Multi-Mode Concept: Shivalik is multi-functional depending on the situation. In offensive role, it is used in the final stages of assault from a distance of about 50 m from the line of enemy defence. Being non-splintering type, offensive grenade on detonation stuns the enemy through concussion effect within a radius of about 5 m from the point of burst. In the defensive mode, it is used against the enemy troops in open when our own troops are in defence. The controlled and uniform spread of the fragments from the fragmenting sleeve can incapacitate a human being within a specified radius from the point of burst, but causes no harm to our own troops beyond a certain predetermined distance.

The technology of the prefragmented pellets, embedded in a plastic matrix has been fully established. The main bursting charge is precast pellet (RDX/TNT), the technology for which has been developed indigenously. The bullet trap technology has been incorporated in the launching tube, which enables use of normal ball ammunition for its launch from 5.56 mm INSAS rifle.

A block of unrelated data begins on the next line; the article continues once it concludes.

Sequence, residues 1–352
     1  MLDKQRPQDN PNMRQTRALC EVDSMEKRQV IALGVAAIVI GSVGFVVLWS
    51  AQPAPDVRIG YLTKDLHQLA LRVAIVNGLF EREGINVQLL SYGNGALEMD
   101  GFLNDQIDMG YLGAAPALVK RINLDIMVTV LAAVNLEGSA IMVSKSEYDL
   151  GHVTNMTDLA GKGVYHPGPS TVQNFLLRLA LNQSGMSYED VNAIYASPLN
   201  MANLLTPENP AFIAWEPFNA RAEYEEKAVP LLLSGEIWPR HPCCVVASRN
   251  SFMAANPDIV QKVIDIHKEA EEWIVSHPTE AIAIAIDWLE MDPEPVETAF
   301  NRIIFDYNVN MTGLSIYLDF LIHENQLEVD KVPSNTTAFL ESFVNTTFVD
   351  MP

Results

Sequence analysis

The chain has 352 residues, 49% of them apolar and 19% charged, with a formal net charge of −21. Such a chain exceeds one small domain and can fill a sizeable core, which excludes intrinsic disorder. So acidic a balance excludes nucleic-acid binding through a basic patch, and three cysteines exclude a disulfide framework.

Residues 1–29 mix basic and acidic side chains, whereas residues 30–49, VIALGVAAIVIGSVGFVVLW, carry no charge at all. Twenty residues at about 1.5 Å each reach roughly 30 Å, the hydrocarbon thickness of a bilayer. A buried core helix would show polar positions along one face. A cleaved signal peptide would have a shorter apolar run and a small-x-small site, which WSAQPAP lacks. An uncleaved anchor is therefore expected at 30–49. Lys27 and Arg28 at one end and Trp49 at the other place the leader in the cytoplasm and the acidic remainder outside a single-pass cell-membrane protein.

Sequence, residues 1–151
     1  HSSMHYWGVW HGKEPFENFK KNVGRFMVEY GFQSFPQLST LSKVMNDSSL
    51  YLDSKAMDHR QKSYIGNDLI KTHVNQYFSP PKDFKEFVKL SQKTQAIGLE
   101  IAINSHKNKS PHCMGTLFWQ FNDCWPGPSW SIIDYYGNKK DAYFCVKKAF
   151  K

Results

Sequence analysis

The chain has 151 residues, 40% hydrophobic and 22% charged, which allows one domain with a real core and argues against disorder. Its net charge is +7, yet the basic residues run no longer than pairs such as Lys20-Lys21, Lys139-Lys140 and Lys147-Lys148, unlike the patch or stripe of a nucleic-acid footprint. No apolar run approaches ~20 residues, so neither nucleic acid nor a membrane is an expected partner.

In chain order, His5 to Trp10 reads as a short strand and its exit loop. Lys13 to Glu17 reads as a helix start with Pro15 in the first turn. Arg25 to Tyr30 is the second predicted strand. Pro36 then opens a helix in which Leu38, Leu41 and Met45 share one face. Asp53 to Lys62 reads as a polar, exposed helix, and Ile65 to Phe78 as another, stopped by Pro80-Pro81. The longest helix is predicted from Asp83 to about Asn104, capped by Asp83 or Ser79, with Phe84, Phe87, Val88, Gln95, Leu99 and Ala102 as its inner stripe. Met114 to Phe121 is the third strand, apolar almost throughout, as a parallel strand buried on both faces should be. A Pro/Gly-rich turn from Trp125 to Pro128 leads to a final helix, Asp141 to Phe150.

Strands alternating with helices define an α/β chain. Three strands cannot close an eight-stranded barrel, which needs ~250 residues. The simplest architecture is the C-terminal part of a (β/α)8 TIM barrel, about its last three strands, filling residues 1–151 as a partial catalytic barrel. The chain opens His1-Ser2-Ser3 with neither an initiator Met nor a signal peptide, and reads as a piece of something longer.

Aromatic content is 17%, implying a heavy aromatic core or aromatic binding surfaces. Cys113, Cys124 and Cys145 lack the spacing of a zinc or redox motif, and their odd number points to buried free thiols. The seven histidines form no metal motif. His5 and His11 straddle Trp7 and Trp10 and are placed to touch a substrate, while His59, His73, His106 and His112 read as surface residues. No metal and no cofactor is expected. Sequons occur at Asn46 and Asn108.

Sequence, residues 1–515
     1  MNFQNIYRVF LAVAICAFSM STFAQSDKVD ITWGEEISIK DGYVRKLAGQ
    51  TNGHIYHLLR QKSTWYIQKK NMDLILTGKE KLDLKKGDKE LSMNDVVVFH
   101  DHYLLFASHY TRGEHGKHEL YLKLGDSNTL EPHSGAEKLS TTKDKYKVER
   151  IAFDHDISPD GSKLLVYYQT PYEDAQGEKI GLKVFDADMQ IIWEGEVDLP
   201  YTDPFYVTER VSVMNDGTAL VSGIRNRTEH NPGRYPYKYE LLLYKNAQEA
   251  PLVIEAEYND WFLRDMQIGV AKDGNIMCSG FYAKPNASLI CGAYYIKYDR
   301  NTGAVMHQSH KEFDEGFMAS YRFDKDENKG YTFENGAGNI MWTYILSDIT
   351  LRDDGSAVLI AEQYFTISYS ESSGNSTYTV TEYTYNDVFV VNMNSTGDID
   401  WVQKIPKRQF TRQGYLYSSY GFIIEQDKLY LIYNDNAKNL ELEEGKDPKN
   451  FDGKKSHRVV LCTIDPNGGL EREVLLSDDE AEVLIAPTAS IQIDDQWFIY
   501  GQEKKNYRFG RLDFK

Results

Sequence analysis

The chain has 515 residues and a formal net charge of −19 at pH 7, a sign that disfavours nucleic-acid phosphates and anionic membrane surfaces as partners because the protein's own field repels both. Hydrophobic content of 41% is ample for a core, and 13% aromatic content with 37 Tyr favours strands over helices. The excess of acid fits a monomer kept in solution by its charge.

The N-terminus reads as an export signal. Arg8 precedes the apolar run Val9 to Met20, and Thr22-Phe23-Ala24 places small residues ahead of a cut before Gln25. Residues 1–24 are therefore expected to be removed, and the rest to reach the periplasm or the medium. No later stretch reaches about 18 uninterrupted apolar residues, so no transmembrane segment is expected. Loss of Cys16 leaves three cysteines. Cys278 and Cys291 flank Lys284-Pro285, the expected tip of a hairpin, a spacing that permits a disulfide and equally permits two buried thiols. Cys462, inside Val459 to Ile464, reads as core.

Fuze: The fuze has been designed to function on impact with a guarantee of self-destruction due to incorporation of a predetermined delay. The fuze functions at all angles of impact. An additional safety mechanism has been provided by a shutter mechanism blocking the explosive train. A safety lever mechanism has been incorporated to hold the safety pin secured. In rifle grenade lever is secured by a metallic ring which flies back due to set back forces on firing arming the fuze after a safe distance